realized, will be confiscated by excess-profit taxes.
Fear of reduced price of silver, which will offset the premium
offered b y Metals Reserve Company for over-quota production of copper,
lead and zino.
Fear of further increases in wages and other elements of cost,
and in efficiency of labor, as the best men are drawn off into the
armed forces, or into munition plants.
Knowledge that, after the war ends, a determined attack will be
made on Rocky Mountain producers, through discriminative increases in
freight rates and smelting charges, as in 1919-21.
Withdrawal of priority
rights from base-metal mines, the product of w h i c h contains thirty per cent of its total value as gold and
Because of these, I have come to the conclusion that, if the increased production is n e e d e d , it must b© brought about by Government financial a i d , which is not now available.
loans from Reconstruction
Finance Corporation are not obtainable
unless ore is "blocked—out and completely accessible for examination b y the
corporation's engineers.
A large proportion of these mines have been idle
S ™ ? ! the close of the last warrto reopen them for the purpose of exaninatio

Sojaorable Marriner S* Bcoles

ipril 21 y 194S


Shortly after Pearl Harbor, it became obvious, to me at least,
that it would be found necessary to expand metal production within our own
I therefore proposed to War Production Board to turn over such m
mines as were owned or controlled b y myself for operation without charge,
or operate them without profit.
This offer has not been accepted: possib l y some special authority from Congress might be necessary.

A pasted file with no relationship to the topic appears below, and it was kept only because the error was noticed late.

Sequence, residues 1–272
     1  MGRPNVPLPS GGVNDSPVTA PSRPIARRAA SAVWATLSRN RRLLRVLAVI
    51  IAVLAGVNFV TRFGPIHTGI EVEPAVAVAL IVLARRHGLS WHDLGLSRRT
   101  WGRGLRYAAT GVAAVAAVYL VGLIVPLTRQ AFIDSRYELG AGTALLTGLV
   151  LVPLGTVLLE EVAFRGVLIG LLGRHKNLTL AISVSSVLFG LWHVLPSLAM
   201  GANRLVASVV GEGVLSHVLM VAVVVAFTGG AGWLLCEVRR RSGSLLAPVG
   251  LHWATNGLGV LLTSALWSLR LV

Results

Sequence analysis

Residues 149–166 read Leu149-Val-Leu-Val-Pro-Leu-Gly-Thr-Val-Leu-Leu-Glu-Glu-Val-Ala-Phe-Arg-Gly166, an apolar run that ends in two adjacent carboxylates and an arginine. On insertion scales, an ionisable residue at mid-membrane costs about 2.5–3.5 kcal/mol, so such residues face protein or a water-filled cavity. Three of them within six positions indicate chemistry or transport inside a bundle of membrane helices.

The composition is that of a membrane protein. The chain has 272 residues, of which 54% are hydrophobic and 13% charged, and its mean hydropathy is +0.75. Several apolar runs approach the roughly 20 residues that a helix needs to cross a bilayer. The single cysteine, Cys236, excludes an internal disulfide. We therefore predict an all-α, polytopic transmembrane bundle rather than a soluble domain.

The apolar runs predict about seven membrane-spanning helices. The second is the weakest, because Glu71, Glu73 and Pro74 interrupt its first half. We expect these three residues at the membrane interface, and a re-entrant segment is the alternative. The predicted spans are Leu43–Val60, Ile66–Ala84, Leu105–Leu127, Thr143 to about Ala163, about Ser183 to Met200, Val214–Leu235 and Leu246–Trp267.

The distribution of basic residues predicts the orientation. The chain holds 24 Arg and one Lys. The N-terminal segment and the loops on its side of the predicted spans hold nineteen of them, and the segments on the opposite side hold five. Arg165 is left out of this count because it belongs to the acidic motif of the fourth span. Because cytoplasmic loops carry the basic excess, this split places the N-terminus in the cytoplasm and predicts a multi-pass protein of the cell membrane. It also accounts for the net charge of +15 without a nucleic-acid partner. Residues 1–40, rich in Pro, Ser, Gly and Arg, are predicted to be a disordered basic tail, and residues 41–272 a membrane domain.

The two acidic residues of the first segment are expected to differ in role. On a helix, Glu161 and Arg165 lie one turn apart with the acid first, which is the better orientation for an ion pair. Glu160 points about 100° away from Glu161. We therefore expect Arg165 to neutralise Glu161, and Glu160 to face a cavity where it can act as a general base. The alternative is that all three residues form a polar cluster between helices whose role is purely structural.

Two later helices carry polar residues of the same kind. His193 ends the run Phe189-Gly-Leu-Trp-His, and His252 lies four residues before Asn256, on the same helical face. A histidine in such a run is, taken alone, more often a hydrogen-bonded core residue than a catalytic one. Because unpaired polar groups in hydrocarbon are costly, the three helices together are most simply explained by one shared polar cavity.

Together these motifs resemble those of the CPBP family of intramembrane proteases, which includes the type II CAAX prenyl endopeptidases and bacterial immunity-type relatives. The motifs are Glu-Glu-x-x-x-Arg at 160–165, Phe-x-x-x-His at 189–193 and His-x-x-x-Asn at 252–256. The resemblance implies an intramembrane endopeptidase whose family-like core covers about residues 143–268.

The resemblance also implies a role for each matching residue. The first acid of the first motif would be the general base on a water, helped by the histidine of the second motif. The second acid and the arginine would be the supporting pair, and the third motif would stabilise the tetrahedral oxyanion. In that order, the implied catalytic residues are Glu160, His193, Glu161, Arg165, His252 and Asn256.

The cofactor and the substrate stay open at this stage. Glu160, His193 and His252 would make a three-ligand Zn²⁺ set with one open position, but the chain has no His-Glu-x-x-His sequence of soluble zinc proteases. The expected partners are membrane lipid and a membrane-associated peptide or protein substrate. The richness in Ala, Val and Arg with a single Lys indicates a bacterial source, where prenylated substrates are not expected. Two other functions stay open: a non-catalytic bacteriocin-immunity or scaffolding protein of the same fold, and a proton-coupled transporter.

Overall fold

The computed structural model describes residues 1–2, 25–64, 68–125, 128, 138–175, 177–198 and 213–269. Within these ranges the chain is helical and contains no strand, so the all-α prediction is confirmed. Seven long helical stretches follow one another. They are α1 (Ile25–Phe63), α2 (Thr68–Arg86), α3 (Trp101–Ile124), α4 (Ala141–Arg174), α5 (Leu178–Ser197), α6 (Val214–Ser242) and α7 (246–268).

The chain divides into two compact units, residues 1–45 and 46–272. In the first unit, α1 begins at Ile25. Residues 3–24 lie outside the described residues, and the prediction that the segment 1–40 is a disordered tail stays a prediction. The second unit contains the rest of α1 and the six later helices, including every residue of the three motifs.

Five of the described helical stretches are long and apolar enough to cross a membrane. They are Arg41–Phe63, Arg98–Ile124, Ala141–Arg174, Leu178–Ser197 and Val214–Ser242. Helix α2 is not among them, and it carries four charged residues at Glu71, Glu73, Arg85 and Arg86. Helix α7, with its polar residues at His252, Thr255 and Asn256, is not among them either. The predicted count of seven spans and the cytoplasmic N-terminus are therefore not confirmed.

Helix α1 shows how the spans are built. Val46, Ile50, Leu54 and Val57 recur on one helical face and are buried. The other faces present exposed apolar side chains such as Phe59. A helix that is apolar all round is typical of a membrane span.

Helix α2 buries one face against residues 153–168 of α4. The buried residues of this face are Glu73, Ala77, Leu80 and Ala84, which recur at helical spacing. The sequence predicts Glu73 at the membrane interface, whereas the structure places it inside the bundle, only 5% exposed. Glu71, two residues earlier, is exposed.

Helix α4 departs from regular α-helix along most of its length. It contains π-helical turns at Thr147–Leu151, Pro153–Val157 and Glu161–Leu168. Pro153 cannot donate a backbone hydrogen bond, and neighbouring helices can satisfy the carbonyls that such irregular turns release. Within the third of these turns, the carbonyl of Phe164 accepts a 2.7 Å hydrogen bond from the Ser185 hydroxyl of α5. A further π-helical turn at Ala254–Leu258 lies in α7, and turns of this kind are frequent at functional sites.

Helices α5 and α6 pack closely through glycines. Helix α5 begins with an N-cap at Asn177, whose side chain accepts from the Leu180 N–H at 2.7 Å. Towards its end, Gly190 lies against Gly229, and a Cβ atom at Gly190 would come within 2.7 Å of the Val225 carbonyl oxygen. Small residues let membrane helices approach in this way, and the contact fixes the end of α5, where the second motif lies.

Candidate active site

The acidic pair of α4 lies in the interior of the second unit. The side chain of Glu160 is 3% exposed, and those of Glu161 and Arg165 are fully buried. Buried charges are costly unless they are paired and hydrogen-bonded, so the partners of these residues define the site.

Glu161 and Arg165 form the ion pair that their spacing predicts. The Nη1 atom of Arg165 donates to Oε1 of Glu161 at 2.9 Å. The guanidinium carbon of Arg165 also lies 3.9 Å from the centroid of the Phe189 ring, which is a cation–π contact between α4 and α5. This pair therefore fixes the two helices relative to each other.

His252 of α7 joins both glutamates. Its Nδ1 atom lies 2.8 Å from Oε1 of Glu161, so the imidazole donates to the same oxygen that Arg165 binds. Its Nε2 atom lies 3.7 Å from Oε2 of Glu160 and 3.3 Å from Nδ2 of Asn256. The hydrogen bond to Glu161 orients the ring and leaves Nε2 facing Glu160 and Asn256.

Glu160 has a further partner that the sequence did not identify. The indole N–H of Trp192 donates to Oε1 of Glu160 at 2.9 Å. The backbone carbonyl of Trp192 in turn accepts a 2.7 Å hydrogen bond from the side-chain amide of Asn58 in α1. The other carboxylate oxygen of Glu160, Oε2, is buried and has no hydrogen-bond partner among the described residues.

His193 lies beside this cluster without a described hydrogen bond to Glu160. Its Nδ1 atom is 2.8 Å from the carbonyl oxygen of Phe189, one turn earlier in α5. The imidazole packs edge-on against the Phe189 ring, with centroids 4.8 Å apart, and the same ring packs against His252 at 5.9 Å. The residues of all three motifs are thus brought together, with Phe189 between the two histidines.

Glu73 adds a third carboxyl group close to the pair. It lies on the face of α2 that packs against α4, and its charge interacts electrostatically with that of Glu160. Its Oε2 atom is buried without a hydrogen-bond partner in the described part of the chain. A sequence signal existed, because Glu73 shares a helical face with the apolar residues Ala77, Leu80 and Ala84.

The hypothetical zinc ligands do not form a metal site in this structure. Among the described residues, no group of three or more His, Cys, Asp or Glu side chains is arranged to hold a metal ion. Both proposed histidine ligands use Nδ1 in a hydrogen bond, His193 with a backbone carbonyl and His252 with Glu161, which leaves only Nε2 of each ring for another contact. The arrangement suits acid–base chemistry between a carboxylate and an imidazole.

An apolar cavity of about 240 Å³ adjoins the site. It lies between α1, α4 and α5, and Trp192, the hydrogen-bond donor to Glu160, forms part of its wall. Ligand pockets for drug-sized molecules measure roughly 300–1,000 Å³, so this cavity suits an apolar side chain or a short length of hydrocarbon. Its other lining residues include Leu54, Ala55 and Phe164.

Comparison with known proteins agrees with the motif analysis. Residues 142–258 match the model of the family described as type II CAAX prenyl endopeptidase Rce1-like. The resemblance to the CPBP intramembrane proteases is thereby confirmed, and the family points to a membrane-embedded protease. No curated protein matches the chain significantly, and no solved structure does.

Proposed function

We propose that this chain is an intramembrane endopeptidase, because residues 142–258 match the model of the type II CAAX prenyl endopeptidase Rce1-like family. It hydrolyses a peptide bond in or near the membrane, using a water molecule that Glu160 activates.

I believe
many other owners of mines would do the same, subject to a small allowance
for depletion of the minerals extracted under Governmental operation or
Should the opinion of the senior Senator from Colorado prove corr e c t , a much more stringent scarcity of these metals m a y be expected within
six months.
I trust n o t , for the deficiency in output is sufficiently
evident n o w .
But should a worse need develop, it would then be impossible
to do much torwards getting increased production from Colorado for another
y e a r , most of our mine^feeing at altitudes of 9,000 to 13,000 f e e t .
action is to be taken, now is the time for it.
But above all, it is useless to expect increased production from
Rocky Mountain copper, lead, and zinc m i n e s , without correspondingly increased production of gold and silver to help p a y the cost*
Sven if you
think the present output of base-metals is sufficient, this is no time to
cut off a substantial part of it b y cessation of silver purchases.

George E . Collina



Mr* George E* Collins,
Boston Building,
Denver, Colorado*
Dear Mr. Collins:
As Chairman Eooles is temporarily absent from the city, I
wish to acknowledge your letter of April 21 in regard to his views
on silver*
Ho is, of course, aware of the faot that silver is, as you
say, a good deal of a by-product and that the essential metals suoh
as copper, zino, lead, etc*, are urgently needed in ever-increasing
volume* Ho has taken the position, however, that if the Government
considers it to be in the public interest to continue to pay a subsidy
for domestic production of silver, then it should be frankly recognised as a subsidy and disentangled from all the monetary fetishism
that has characterised and, he thinks, hurt the case frequently made
for it* He has said that he would infinitely prefer to pay a higher
price or a subsidy directly for the production of copper, lead, etc*,
which are needed in the war effort rather than to go on paying the
subsidy on the silver which we do not need, certainly from any monetary
standpoint, but only bury at Vest Feint* Se has taken the position
that if we are going to continue to subsidise silver, then it ought
to be released for industrial uses at the commercial price, letting
the Government take the loss, that is, the difference between that
price and what the Government has to pay for it*
Yours is a dispassionate and thoughtful letter which I aa
sure lir* Eccles will be interested to read upon his return*
Sincerely yours,
(Signed) Elliott Thurston

Elliott Thurston,
Special Assistant
to the Chairman*